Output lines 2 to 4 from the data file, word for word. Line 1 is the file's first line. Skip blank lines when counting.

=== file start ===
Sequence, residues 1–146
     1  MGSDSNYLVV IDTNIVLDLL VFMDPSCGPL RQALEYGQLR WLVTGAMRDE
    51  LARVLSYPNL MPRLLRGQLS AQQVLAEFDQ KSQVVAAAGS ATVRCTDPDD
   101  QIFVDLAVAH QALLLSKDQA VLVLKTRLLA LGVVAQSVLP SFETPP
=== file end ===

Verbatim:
     1  MGSDSNYLVV IDTNIVLDLL VFMDPSCGPL RQALEYGQLR WLVTGAMRDE
    51  LARVLSYPNL MPRLLRGQLS AQQVLAEFDQ KSQVVAAAGS ATVRCTDPDD
   101  QIFVDLAVAH QALLLSKDQA VLVLKTRLLA LGVVAQSVLP SFETPP